The Public-Private Partnership (P3) model is a complex method of financing construction projects that has many considerations when identifying the variations. This intricate arrangement has been gaining traction in the US as a preferred method for financing, building and operating public sector developments with private sector resources and partners. The model has been used in Canada, Europe, Australia and elsewhere for some time.
A P3 relationship is comprised of several relationships between public clients and the private development community to design, build, finance and maintain projects. There are many different variations of P3 relationships, so navigating this spectrum can often be challenging for organizations who are new to P3. In fact, the complexities of the P3 spectrum can often leave experienced individuals in a state of confusion.
On Oct. 9, SCDF hosted a P3 Spectrum panel at City Club LA in which a number of industry professionals with substantial P3 knowledge and experience shared insights on how these types of relationships can be managed. Moderated by Paula Stamp, Director of Business Development at PCL Construction Services, Inc., the panel discussion addressed planning and approaches related to the P3 spectrum. In addition to Stamp, speakers included: Sam Jung, VP of Balfour Beatty Campus Solutions; Colin Donahue, CFO and VP of Administration and Finance at California State University Northridge, and Michael Owh, Chief Procurement Officer at City of Los Angeles.
Complexities Involved in the P3 Method
All panelists agreed that P3 projects are significantly more complicated than conventionally built projects. Much of this seems to be sourced from the differing worlds of public and private entities and finding a common ground on what success and achievement means to all parties involved.
“Developments that involve collaboration between public and private entities take a lot of planning upfront to examine what the final outcome should be,” said Michael Owh. “There is always a concern about the internal expertise, and there are numerous complexities throughout the life of a project.”
P3 funded projects also tend to have varying cycles of partner involvement, typically around 30 years but sometimes longer. This can present a number of challenges especially for certain projects in which the industry is rapidly changing. Higher education was cited as a sector in which development can be especially tricky due to a rapidly evolving landscape. Colin Donahue of CSUN noted that any P3 funded project he oversees is developed on a 50 to 60-year life cycle, and require arduous planning processes which are a result of heavy investment capital.
“We don’t know what higher ed is going to look like in five years, let alone thirty years, so planning has to be very well thought-out,” said Donahue.
Panelists also noted that the extensive life cycles of these project arrangements can create a knowledge gap. The span of a P3 funded development often sees high employee turnover which can create voids in much needed institutional knowledge.
A True Partnership
Another consensus between all panelists was the absolute need for all P3 funded developments to be authentic partnerships. Trust was mentioned as one of most important factors in establishing lasting relationships.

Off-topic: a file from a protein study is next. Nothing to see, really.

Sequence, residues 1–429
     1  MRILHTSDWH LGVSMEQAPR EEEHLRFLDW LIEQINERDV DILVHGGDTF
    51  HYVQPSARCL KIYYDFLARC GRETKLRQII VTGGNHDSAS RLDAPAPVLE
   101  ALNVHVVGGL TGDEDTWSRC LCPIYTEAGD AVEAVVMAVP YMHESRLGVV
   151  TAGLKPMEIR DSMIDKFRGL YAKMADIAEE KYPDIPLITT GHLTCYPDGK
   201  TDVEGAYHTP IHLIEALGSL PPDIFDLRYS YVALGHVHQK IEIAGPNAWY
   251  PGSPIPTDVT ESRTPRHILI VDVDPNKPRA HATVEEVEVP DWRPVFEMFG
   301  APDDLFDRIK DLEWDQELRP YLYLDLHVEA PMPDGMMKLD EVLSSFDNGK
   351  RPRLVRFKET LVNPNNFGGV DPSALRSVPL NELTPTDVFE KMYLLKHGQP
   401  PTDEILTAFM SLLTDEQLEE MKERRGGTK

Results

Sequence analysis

“It’s very important to trust your partners,” said Sam Jung of Balfour Beatty Campus Solutions. “Having an open discussion about what both parties will gain from the partnership, as well as any incentives that will pave the way for long-term success are also crucial.”
While the need to form an authentic and lasting partnership is paramount, it is also important to understand that not all partnerships are meant to be. An effective P3 partnership is made up of parties who not only have the same goals but also complement one another, just like any other ideal business partnership. The complexities seem to arise when the issue of money is brought into focus.
“A lot of times we won’t find it sensible to consider a project unless it’s at least $100 million,” said Donahue. “However, we occasionally consider projects that are well under this number if there is an opportunity to create a meaningful partnership with an organization that has a project we believe will provide a value to the community.”
Panelists shared examples of what makes for a great partnership in a P3. Creativity, flexibility and total transparency were all noted as vital characteristics that potential partners should seek out from one another.
“Another important thing to remember is that not every partner is a match for a client,” said Jung. “As procurements become more complicated, what clients look for in a partner does too.”
Since P3 developments exist on a spectrum both parties need to have the same understanding of what it means to be in a public-private partnership.
Since the use of P3 methods can be perplexing to many, panelists seemed to agree that there was no “magic formula” for success in using the P3 method. The consensus was that trust, partnership, and flexibility are vital tools to have in order to have success throughout the life of a P3 funded project. Due to the complexities involved in this funding method many small businesses are often reluctant to engage in P3 developments. However, the fear of loss and risks involved were noted as being at the forefront of any developer’s conscience, whether large or small.
All panelists agreed that becoming real estate savvy and having a precise vision before initiating execution are also key components to success. When businesses, large or small, implement these practices, they find greater success in using the P3 method.
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